What's up with Wheelie Bikes?

What's up with Wheelie Bikes?

Can you remember the last time you just rolled out with a bunch of friends on your bikes with no real destination or purpose other than just popping wheelies, dropping skids and jumping curbs?

Not a road ride, not a mountain ride, not a commute - just riding bikes with your buddies.  

Maybe you roll through the neighborhood with your kids, and you watch with envy from your performance-optimized-Strava-machine as they carve turns and skid; wishing you had something you could goof around on?

Or possibly, your kid has been talking about “Wheelie Bikes”; leaving you confused. Because as far as you know, any bike can be a Wheelie Bike with the right pull and a little brake feathering.

Wheelie Bikes, Big BMX Bikes, 29er BMX, 26 BMX, even Cruisers...these terms are all describing the same thing in 2020: A style of bike that’s inspiring a new generation of riders to just get out, goof around on bikes and have fun. No super-technical, high-consequence X-Games trickery, no gate start practice...just good times only.

The wheelie bikes are a natural evolution of BMX bikes that we’ve seen before. In the early 80’s when BMX racing started getting a little too serious for some folks, they started focusing on the jumps and tricks that were possible on those fun little machines, and Freestyle BMX was born. Now a few decades down the road, and Freestyle itself has progressed to an incredible level where sometimes it feels like we’re watching a video game.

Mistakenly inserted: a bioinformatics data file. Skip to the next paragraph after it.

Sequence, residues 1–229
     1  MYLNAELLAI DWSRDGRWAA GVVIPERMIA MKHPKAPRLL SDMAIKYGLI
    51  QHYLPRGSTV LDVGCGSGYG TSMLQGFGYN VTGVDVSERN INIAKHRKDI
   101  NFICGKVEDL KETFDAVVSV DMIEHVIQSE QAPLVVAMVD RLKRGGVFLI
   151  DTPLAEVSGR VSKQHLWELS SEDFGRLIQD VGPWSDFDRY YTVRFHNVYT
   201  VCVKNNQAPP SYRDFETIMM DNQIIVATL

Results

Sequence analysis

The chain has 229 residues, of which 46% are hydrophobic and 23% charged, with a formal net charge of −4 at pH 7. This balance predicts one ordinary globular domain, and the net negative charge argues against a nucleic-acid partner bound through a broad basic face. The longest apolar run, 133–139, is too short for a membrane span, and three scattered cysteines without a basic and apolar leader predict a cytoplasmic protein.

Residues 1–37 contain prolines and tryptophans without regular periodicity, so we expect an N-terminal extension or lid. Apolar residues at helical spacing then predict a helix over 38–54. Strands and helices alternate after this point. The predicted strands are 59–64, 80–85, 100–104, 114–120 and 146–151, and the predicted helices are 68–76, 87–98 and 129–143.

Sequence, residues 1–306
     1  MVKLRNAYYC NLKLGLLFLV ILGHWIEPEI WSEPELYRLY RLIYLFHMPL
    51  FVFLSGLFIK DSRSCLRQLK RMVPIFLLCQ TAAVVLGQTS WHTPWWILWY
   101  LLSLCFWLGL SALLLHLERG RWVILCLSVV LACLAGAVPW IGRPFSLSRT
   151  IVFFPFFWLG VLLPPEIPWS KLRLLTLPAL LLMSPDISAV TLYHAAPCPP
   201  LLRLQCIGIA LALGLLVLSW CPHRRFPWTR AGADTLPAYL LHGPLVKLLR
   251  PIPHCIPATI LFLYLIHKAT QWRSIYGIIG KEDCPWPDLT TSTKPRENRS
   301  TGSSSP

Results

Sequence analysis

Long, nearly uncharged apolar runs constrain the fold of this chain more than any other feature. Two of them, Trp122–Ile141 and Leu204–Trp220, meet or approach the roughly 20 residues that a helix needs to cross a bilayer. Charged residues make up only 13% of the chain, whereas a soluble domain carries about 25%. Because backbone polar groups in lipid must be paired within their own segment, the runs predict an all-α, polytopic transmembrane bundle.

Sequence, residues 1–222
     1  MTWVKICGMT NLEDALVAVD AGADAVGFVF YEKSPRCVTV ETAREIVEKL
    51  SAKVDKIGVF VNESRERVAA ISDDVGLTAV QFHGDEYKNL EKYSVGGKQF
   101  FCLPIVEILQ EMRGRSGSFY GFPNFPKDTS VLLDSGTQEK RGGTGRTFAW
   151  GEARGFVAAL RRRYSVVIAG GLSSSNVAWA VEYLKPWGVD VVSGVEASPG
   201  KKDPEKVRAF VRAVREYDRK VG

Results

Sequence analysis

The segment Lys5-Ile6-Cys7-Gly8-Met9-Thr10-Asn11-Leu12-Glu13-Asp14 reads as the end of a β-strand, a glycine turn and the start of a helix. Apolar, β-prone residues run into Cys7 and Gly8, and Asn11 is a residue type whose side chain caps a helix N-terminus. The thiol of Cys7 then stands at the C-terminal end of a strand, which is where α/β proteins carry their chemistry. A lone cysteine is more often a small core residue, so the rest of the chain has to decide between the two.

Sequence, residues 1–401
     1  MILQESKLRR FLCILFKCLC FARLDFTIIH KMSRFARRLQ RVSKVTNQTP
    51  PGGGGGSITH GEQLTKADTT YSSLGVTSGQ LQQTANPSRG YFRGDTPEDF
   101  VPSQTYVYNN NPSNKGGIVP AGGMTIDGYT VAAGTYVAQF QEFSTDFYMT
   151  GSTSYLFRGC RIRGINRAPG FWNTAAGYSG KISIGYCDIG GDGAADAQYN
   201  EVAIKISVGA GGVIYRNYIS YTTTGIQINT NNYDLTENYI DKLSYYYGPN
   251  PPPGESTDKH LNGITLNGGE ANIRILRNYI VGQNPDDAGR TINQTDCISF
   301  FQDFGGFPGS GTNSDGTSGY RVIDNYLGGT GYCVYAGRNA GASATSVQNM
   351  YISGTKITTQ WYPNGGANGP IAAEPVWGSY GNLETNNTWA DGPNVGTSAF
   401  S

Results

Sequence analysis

It can be a little intimidating if you don’t have a foam pit and a resi-ramp to dial things in. But some kids (and old skool kids at heart) just want to go out and pop some wheelies, carve some bowls at the park, and maybe put a few inches of air under the tires. This is where the bigger wheel wave is emerging from: it’s all riding bikes and it’s all good.

However, unlike so many of the bicycle trends that found momentum in California, the hub of wheelie bike culture is centered in the boroughs of New York City, more specifically, The Bronx. On any given weekend, hundreds of riders summoned through #bikelife might gather for a rideout. Rideouts look like the Critical Mass protest rides that were common in the 90s and 2000s; but rather than raging against the machine, these rideouts are a celebration of bike riding good-times. Working on wheelies, learning tricks and riding bikes with friends has become a positive outlet for a lot of the young people following #bikelife in NYC, and thats a great thing.

Wheelie Bikes have rekindled the love of BMX riding, spirit and culture for many riders who "aged-out" of the typical BMX demographic. The bigger frames fit adults better than traditional 20" bikes, and the bigger wheels cover ground much better - so wheelie bikes make great neighborhood cruisers, coffee shop/bar bikes and are well suited to some good ole' urban exploring. Go out and find those perfectly shaped curb cuts and air 'em out, lay down skids in some late night-abandoned-parking-garage shenanigans and for sure: go ride some wheelies.

The wheelies don't stop at the NYC city limits. Wheelie bikes and rideout gatherings are happening around the world - including Haro's own backyard - check out the Harbor Hot Lap

Haro has been here from the start and our roots are showing in our Legends lineups, with big wheeled bmx bikes inspired by iconic paint, logos and of course, the Haro riders and friends that pushed boundaries and helped invent the sport and BMX culture.

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